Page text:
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Property and Financial Affairs Attorneys

A lasting power of attorney for property and financial affairs has a specific role. Using this LPA grants authority to chosen people to help with decisions on finances.

As a property and financial affairs attorney, your main duties are helping to look after money matters for the donor.

Your responsibilities can also extend to make, or help the donor to make, decisions about properties (e.g. buying and selling).

For example, you would be assisting with decisions about common fiscal issues such as:

  • Buying and selling property as well as making and selling investments.
  • Opening, closing, and running bank and building society accounts
  • Paying taxes, bills, claiming pensions, welfare benefits, and allowances.

You would be able to use the donor’s money to pay for many things. Typical examples include those used for the upkeep of their home and other day to day items (e.g. food).

But, some plans will need discussing with their health and welfare attorney (if they already arranged one). As a rule, they will be decisions that affect the daily routine, living arrangements, or medical care for the donor.

An Example: A power of attorney for property purchases may decide to sell the home of the donor. But, they would need to discuss the matter with a health and welfare attorney to determine where the donor will live after selling it.

The Donor’s Money and Property

In most cases, you must keep the finances of the donor separate from those of your own. But, some exceptions apply. Typical examples might include something in joint names, such as a bank account or a home.

Managing the Bank Accounts

There are several steps to follow before you start to manage the donor’s accounts. The bank will need to see the original registered lasting power of attorney (LPA). In some cases, you can certify a copy of a lasting power of attorney to meet this requirement.

When managing the donor’s bank and building society accounts, you also need to provide proof of:

  • Your full name your address.
  • The name or the address of the donor (if they are different to those on the account).

Note: In some cases, the bank or building society might ask you to provide some extra documents as proof.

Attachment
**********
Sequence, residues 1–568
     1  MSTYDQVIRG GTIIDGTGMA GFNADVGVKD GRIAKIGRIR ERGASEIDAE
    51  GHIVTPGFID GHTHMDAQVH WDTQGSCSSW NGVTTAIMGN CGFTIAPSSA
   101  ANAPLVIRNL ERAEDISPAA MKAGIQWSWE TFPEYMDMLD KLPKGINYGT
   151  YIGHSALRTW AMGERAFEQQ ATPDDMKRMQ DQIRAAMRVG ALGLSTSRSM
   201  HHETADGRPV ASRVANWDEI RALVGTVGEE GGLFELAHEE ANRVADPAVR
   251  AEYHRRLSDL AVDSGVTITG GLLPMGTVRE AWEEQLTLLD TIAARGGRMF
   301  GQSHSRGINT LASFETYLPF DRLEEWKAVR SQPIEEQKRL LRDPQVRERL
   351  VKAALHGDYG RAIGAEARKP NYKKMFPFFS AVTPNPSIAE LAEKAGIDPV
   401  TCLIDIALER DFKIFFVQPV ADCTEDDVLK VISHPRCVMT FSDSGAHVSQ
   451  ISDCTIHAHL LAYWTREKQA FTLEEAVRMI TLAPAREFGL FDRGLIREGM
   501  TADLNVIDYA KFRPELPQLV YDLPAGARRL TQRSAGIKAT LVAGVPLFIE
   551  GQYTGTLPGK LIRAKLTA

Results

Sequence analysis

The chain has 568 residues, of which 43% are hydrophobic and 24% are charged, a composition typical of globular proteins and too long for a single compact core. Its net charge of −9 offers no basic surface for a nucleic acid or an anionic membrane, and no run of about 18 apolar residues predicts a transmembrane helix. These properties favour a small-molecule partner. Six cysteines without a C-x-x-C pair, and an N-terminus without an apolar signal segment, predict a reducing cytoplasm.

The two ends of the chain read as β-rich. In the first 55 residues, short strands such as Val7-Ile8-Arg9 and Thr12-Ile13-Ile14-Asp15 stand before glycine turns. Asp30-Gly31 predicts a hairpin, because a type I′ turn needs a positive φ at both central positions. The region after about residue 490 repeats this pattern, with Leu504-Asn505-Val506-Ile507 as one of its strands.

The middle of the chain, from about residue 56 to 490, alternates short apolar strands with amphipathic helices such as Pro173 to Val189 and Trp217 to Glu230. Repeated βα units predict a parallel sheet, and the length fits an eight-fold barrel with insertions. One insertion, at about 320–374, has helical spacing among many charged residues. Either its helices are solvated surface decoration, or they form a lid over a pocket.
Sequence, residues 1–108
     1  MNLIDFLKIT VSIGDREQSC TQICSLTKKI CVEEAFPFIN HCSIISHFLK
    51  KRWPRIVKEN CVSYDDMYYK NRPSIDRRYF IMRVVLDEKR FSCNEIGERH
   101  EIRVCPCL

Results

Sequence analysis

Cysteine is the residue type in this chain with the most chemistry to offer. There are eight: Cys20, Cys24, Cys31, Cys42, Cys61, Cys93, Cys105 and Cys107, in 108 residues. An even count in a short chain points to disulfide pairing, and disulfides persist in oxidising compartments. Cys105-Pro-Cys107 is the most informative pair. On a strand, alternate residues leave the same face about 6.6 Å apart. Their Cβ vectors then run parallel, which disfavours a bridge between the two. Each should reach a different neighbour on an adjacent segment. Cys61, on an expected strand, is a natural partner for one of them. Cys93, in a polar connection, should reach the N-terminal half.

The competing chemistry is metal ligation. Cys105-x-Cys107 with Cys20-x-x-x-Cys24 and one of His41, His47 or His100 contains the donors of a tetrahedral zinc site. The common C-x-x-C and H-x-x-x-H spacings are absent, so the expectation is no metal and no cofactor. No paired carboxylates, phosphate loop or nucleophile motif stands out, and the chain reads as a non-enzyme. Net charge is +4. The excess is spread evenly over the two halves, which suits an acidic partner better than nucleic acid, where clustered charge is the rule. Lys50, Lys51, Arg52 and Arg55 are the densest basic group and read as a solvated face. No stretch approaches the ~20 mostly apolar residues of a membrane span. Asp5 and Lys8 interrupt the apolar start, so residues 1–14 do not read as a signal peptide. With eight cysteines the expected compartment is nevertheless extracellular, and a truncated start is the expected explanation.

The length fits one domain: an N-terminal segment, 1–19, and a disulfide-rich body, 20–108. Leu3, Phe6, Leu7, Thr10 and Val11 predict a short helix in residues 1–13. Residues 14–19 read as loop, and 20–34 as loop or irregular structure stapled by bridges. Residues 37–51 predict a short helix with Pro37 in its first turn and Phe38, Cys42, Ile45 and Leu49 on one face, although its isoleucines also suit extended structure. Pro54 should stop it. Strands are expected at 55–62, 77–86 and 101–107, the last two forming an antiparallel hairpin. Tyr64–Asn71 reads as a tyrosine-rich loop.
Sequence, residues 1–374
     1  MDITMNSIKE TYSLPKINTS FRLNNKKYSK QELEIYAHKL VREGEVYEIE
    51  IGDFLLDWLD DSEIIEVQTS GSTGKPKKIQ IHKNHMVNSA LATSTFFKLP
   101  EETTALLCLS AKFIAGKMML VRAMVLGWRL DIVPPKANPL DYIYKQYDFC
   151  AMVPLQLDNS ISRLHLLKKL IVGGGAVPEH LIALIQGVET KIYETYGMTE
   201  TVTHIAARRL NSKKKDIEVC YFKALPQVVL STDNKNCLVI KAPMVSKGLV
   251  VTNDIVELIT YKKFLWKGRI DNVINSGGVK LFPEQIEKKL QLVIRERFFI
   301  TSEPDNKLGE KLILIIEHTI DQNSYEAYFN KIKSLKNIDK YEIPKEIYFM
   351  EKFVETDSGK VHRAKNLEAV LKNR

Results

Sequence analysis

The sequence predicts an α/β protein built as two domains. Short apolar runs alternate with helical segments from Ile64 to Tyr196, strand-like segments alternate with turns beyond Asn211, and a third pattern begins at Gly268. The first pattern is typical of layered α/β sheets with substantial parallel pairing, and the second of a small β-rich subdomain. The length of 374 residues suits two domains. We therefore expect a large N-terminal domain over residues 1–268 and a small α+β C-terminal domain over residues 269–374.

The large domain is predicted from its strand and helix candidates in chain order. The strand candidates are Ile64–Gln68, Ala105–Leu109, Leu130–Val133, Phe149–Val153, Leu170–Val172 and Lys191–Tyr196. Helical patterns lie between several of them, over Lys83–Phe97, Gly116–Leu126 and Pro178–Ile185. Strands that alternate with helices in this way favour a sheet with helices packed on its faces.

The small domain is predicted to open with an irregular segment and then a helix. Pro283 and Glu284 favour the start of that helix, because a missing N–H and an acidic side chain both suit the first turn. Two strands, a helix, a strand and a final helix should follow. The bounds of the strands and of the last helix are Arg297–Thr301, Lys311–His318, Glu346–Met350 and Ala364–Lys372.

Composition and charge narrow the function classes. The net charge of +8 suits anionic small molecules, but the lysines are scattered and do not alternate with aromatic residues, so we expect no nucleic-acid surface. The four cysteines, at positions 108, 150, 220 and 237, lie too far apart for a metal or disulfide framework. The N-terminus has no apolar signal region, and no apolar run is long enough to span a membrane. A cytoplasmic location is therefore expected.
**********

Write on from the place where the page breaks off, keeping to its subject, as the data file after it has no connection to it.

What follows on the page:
Spending Money on Gifts and Donations

The lasting power of attorney will state what you can and cannot spend the donor’s money on. So, unless it states otherwise, you will be able to spend their money on:

  • Gifts to friends, family members, or acquaintance of the donor. As a rule, it should be on occasions when you would usually present them with gifts (e.g. birthdays and anniversaries).
  • Donations to charities. It should be charitable organisations that the donor would have no real objection to (e.g. one they donated to on a previous occasion).

You must apply for a one-off decision from the Court of Protection for other types of gifts and donations. This rule applies even if the donor has given money to the same people before. It would include:

  • Allowing someone to live in the property of the donor who is not paying the market rent. Making a payment below market value would count as a gift.
  • Giving anyone interest-free loans.
  • Payments made for someone’s school or university fees.

One of the responsibilities of a property and financial affairs attorney is checking the donor can afford to pay for any gifts or donations. This applies even if they paid for similar things before.

Note: You must make sure they can sustain their care costs before donating their money to someone else. Read further guidance on giving gifts or donations for someone else (as a deputy or an attorney).

Buying and Selling Properties

As a rule, you will need to find a legal adviser to buy or sell the donor’s property if:

  • The selling price will be below the market value.
  • You want to purchase the property yourself.
  • You are planning to give the property to someone else.
Making a Will

You can apply to make a statutory will on behalf of someone else if the donor needs to make one but is unable to do it themselves. But, a property and financial affairs lasting power of attorney does not authorise you to change a donor’s will.

Note: The courts can order you to repay the donor’s money if you make decisions to benefit yourself or misuse it.


Lasting Power of Attorney | A section explaining the duties, obligations, and the responsibilities of LPA.

Start Acting as an Attorney | Checks you need to make before you start making decisions for the donor.

Lasting Power of Attorney for Property and Financial Affairs Guide for United Kingdom